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University Hospitals Strasbourg-Hautepierre

Improvement of the acoustic environment in a neonatal care unit

Project stakeholders 

  • Ms Cayeux: Supervisor, University Hospital Neonatal Intensive Care Unit
  • Mr Epp: In charge of remedial construction work at the University Hospital
  • Mr Flores: Acoustics expert responsible for the design study
  • Ms Vernerey, Ms Pollet and Mr Petuaud Letang: Ecophon specialists
Products:

Project: University Hospitals Strasbourg-Hautepierre

Country/city: France/Strasbourg

Architect: Alexandre Braboszcz

Installer: Schultz

Photographer: Patrick Salaün

Project size: 900 m²

 

A noisy environment with peaks up to 100 dB

80% of the noise generated within a neonatal intensive care unit is generated by equipment and only 20% is emitted by human voices. 

In the Neonatal Intensive Care Unit of Strasbourg University Hospital, the noise comes from equipment (respirators, syringe pumps etc.), staff going about their work, patients and relatives – all at the same time. As explained by Professor Kuhn, 80% of the noise generated within a unit of this type is artificial (noise generated by equipment) and only 20% is emitted by human voices.

The sound levels can range from 50 to 75 dB(A) (noise that is generally termed “intrusive”) with peaks that can reach 100 dB (painful noise). Premature babies are sensitive to variations in sound, which can cause stress detrimental to their healthy development (reduction in their oxygen saturation, increase in heart rate). Furthermore, noise also has an effect on the medical and healthcare staff who work around the clock in this environment.

An environment to support the healthy development of young infants

As part of the NIDCAP programme, the Unit was looking to make changes to this environment so that it would be better suited to the healthy development of young infants. Noise was one of the parameters addressed by this project.

For this reason, Ms Cayeux, Unit Supervisor, proposed that acoustic enhancement for both patients and staff should be one of the priorities in the remedial work envisaged for the Neonatal Intensive Care Unit: “Noise was regarded as inevitable, something we just had to put up with. In actual fact, there are some easy ways of reducing it.”

Noise was regarded as inevitable, something we just had to put up with. In actual fact, there are some easy ways of reducing it.

An acoustic study to make the right choices

Acoustics specialist Joseph Flores was commissioned to undertake an acoustic study and oversee the remedial work inside a specimen room. This was the room where, in the opinion of the staff, acoustic discomfort was most pronounced. To raise staff awareness of the principles of acoustic correction, the resonance of various materials was demonstrated (sound in front of a glass pane or in front of absorbent materials) – a demonstration that was very well received by the staff.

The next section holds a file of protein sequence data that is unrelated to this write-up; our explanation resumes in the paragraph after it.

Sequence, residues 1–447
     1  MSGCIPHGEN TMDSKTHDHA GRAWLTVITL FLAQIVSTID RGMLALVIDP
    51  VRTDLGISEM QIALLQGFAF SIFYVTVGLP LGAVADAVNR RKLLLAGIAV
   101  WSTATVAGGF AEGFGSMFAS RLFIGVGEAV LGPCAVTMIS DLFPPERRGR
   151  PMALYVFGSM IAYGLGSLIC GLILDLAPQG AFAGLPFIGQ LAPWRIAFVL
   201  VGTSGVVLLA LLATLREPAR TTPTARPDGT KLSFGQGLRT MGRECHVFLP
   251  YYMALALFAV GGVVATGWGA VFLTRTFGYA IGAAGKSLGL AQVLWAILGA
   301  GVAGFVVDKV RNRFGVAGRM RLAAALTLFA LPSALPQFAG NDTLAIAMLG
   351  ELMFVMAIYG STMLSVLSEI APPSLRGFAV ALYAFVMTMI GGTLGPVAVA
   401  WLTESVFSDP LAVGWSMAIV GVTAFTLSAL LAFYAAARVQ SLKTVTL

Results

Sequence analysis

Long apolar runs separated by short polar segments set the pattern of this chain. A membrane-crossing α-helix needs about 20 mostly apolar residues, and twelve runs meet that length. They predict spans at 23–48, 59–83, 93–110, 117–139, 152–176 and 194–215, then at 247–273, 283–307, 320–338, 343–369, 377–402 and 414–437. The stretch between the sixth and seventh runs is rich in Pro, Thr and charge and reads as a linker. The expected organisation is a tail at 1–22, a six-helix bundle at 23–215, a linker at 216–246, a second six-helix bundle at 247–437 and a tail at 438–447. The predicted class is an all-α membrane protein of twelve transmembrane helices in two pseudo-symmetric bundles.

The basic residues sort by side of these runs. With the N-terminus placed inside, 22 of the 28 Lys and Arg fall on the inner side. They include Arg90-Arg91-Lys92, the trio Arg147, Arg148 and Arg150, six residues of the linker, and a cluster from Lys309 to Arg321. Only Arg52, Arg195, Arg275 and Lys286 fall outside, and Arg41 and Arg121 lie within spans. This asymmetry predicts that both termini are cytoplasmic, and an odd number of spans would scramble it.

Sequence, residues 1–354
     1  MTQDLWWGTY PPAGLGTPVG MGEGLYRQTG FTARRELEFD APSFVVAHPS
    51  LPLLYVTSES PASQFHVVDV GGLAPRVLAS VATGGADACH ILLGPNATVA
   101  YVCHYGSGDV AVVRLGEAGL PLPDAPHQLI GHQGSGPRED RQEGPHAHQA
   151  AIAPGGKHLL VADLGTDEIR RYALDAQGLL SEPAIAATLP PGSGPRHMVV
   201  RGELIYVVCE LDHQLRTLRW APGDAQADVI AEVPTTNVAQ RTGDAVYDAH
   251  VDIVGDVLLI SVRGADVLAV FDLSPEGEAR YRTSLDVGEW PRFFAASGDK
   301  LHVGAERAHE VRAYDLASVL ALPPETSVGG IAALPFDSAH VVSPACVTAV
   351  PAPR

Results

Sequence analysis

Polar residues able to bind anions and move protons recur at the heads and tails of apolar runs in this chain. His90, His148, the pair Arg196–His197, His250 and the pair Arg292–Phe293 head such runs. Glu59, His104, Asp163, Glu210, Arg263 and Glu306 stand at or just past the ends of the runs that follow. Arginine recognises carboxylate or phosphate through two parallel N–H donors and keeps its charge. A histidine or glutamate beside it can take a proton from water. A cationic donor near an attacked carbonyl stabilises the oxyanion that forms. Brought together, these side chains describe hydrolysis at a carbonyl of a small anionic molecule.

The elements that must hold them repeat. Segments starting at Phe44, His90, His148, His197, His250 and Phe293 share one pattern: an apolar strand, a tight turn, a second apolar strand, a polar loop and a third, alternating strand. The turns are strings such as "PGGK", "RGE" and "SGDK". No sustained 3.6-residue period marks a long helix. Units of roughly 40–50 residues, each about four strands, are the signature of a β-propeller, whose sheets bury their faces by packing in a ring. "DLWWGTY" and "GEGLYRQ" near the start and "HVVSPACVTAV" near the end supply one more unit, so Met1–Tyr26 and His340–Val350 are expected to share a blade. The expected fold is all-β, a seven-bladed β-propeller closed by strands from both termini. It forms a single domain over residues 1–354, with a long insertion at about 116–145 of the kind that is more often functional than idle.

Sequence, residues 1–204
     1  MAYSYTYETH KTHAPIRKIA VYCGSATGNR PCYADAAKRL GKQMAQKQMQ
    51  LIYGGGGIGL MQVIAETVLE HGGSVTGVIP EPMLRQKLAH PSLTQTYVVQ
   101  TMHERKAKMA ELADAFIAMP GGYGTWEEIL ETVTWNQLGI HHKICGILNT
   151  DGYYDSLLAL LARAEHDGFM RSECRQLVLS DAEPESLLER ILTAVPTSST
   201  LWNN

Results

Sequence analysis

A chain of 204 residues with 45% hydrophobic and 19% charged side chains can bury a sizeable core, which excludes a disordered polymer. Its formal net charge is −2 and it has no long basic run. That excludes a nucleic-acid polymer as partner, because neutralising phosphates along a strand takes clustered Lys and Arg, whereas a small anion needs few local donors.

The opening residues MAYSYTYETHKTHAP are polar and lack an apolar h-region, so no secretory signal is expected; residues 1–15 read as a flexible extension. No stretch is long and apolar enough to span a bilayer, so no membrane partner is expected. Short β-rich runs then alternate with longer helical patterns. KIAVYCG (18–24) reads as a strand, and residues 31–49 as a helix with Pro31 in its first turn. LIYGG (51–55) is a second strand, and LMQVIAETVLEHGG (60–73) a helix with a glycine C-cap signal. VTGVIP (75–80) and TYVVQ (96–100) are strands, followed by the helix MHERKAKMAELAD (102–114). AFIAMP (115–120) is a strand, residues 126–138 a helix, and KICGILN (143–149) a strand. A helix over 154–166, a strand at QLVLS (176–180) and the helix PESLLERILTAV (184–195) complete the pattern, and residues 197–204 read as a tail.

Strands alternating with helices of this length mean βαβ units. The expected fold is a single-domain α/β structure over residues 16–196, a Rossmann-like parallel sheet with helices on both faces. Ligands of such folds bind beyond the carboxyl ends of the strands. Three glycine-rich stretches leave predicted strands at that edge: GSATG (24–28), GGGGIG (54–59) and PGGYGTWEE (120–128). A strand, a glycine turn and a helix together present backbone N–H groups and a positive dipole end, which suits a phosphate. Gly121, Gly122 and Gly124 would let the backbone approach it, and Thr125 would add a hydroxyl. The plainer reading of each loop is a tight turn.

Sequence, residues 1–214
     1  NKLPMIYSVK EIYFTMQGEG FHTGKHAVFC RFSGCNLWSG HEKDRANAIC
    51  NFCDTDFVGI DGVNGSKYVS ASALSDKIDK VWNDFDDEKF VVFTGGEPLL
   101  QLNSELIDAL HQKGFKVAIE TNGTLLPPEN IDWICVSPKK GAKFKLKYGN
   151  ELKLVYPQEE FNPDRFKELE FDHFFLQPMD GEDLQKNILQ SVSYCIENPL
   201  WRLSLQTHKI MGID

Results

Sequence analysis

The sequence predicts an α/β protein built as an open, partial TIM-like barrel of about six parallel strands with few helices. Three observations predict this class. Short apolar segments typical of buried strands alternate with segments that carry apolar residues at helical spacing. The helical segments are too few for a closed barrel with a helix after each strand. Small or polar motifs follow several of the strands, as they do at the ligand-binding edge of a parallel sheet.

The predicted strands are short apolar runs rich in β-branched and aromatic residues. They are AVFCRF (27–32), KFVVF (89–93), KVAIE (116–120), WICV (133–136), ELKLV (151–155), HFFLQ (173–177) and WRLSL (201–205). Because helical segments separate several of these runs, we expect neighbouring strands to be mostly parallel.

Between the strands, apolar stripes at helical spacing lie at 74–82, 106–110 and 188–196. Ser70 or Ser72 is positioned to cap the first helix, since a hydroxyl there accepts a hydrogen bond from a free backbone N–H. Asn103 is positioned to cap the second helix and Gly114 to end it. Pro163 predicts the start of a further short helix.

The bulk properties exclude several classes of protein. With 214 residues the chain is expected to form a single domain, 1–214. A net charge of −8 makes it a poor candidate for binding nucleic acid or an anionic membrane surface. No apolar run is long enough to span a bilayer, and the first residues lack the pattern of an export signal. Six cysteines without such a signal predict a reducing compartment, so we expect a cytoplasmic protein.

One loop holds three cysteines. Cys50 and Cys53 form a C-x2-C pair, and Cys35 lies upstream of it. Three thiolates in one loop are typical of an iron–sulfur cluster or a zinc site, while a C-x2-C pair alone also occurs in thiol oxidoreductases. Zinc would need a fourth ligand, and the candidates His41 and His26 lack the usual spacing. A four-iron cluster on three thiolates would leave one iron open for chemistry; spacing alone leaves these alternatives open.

The first calculations from the study showed that the reverberation time was greater than the 0.8 of a second required of providers of welfare accommodation in France(1). In actual fact, because the materials within the room were highly reverberant, they could not absorb the sounds generated in the Unit. When this happens, the net result is echo phenomena and amplification of the sound level.

A Hygiene Protec ceiling and Hygiene Advance Wall panels were installed in the room, reducing reverberation time by almost 50%.

An acoustic solution designed to meet hygiene requirements

A Hygiene Protec ceiling and Hygiene Advance Wall panels were installed in the room. These solutions enabled the reverberation time to be reduced by almost 50% (2). This naturally also resulted in a reduction of the global sound level within the room, from 55 dBA before the remedial work to 37.5 dBA once the work was completed.

In choosing this solution, full consideration was given to the requirements pertaining to healthcare facilities. Because a neonatal intensive care unit is an environment susceptible to major risk of infection, it was essential to use tailored materials that could be easily cleaned in accordance with various prescribed procedures. The Ecophon Hygiene range was able to meet all these needs.

A successful acoustic outcome for the Unit

The results for this room met with the full approval of the medical and healthcare teams. The difference was clear for all to hear: the room was quieter and calmer. Furthermore, this measure made the staff even more aware of potential noise sources and their impact on the healthy development of patients. As a result, all the rooms were given similar upgrades. Each room accommodates one to four patients.

Ms Cayeux on the acoustic changes: “You can't argue with the results – I’ve had nothing but positive feedback. Noise affects both patients and staff, so everyone wins.”

 

Our concept developer for Healthcare will be pleased to answer any questions you may have: anne.pollet@saint-gobain.com.



(1)
Order of 25 April 2003 relating to noise control in healthcare facilities
(2) Average calculated for frequencies of 500, 1000 and 2000 Hz

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